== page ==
Sunday, March 18, 2007

Austrian Economics and Interval Value Scales

I've been reading about Austrian economics, and how it differs from mainstream neoclassical economics. My understanding is that the Austrian economist's main criticism of neoclassical economics is that neoclassical economists treat value as interval, while one could only objectively claim ordinal preferences; that is, Austrian economists claim individuals only have an ordinal list of preferences, not a continuous interval scale of value. And they're right, you can't objectively claim that value is interval, but if value is ordinal only, then it is very curious that neoclassical economics is useful at all.
If neoclassical economics were totally wrong, then it wouldn't make successful predictions. So the truth must be somewhere between Austrian and neoclassical economics. I would like to suggest that interval value scales may be a useful approximation of actual ordinal preferences. Approximations are widely used in the sciences. For example, in physics, Newton's laws of motion are used all the time to make very accurate predictions even though they are approximations that ignore relativistic effects. When physicists figured that Newton's laws of motion were not entirely correct, they did not throw them out; they simply noted that they are approximations and made sure to note when they are useful and when they are not. This same approach could be used in bridging the gap between Austrian and neoclassical economics. If it could be shown experimentally that for many goods, the value scales of individuals are near interval then much of neoclassical economics would be validated. I haven't been able to come up with an experiment that would resolve this question, but I don't see any reason why it should be impossible.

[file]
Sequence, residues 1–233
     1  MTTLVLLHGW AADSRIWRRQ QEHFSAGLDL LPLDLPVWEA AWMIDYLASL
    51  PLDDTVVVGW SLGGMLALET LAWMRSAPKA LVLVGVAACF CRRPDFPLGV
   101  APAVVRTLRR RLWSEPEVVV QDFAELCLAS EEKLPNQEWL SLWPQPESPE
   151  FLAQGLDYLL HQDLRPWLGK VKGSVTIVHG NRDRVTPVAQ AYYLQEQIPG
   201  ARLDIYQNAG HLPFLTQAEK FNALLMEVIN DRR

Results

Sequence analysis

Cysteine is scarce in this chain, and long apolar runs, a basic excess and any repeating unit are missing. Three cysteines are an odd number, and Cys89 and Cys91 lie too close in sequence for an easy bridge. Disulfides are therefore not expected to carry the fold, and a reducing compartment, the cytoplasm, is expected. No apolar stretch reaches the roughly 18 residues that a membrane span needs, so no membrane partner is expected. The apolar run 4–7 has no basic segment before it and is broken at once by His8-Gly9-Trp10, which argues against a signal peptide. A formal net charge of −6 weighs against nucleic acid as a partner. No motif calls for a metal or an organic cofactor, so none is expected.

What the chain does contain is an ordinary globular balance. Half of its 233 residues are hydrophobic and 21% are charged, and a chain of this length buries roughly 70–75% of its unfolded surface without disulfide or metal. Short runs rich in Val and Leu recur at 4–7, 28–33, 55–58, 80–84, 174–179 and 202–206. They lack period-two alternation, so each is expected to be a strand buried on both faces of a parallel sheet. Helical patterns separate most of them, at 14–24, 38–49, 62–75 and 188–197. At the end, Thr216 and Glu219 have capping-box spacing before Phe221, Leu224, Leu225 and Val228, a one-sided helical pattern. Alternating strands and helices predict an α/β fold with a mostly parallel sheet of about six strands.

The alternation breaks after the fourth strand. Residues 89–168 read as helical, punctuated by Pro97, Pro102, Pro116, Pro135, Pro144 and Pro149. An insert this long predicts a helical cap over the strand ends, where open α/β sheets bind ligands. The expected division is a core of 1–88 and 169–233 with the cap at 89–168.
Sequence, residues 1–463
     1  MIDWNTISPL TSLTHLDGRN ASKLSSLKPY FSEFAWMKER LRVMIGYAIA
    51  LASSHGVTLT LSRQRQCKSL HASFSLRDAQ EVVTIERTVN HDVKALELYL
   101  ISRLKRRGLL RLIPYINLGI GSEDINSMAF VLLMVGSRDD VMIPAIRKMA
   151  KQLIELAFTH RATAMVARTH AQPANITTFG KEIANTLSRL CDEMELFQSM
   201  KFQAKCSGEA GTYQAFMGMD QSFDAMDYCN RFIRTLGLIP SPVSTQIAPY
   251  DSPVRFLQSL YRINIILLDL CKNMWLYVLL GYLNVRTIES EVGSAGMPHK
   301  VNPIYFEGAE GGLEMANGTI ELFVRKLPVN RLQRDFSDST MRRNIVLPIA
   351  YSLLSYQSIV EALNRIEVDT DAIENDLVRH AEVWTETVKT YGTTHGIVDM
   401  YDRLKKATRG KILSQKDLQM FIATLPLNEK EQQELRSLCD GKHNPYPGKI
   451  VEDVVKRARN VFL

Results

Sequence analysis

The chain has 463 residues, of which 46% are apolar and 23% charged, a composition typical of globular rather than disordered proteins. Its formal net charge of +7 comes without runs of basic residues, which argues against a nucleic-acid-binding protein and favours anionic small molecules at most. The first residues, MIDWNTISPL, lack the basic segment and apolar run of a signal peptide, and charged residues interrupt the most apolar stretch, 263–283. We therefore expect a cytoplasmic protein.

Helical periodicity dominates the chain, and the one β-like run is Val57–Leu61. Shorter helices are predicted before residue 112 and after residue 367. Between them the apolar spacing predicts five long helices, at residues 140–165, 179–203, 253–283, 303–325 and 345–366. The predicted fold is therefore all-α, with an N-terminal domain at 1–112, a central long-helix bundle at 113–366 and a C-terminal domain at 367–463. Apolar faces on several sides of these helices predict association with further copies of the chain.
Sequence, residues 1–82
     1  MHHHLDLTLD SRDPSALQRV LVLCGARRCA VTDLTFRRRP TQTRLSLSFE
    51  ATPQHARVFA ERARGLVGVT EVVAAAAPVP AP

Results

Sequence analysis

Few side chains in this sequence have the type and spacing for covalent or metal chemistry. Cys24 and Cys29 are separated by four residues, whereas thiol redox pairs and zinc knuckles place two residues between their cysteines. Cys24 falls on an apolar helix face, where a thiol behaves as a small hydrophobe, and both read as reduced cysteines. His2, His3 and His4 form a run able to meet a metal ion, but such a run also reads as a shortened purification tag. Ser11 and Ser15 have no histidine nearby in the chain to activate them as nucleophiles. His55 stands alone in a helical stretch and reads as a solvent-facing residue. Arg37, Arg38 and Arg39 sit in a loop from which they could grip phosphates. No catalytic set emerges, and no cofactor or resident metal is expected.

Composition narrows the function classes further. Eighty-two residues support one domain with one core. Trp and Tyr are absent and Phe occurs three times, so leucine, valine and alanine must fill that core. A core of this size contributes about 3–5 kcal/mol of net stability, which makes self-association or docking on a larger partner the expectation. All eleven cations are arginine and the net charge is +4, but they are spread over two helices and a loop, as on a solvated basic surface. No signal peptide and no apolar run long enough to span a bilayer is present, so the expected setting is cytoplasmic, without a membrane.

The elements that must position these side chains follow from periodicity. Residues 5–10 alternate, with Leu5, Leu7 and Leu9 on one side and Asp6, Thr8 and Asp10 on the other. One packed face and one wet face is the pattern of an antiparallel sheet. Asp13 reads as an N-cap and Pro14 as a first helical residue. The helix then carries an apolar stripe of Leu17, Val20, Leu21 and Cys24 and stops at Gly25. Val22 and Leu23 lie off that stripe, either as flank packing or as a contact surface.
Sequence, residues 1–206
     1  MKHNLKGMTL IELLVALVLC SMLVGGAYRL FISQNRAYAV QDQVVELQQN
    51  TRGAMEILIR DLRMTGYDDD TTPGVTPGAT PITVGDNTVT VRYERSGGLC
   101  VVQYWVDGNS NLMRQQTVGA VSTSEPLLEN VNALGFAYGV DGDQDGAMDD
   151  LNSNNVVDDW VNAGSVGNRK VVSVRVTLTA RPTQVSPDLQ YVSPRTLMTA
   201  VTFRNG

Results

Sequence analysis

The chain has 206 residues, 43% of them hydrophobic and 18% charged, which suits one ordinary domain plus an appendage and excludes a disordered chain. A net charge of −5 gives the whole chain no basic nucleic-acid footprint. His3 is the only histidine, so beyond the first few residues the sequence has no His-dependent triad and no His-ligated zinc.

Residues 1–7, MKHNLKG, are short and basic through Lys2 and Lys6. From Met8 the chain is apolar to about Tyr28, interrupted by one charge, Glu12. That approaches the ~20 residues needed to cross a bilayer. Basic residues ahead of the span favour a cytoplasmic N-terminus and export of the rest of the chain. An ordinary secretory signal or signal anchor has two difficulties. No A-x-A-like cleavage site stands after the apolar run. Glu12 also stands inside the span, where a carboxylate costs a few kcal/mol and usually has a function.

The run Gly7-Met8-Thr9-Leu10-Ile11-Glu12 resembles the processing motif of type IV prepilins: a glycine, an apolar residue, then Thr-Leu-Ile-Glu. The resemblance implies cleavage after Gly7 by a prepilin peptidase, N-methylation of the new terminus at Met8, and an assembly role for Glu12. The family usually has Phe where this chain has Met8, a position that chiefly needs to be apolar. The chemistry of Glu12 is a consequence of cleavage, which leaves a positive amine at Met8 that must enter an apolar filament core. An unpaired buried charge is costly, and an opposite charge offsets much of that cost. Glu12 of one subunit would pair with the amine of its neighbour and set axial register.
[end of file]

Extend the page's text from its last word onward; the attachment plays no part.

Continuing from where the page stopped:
I find it curious that nowhere in my readings have I found anyone who discusses the possibility.

1 comment:

Lil Yang said...

Bryan Caplan disusses this in his post on why he's not an Austrian economist. He notes that value preferences are actually symbolic of multiple ordinal preferences and that Austrians simply are making an error in suggesting there is really a difference.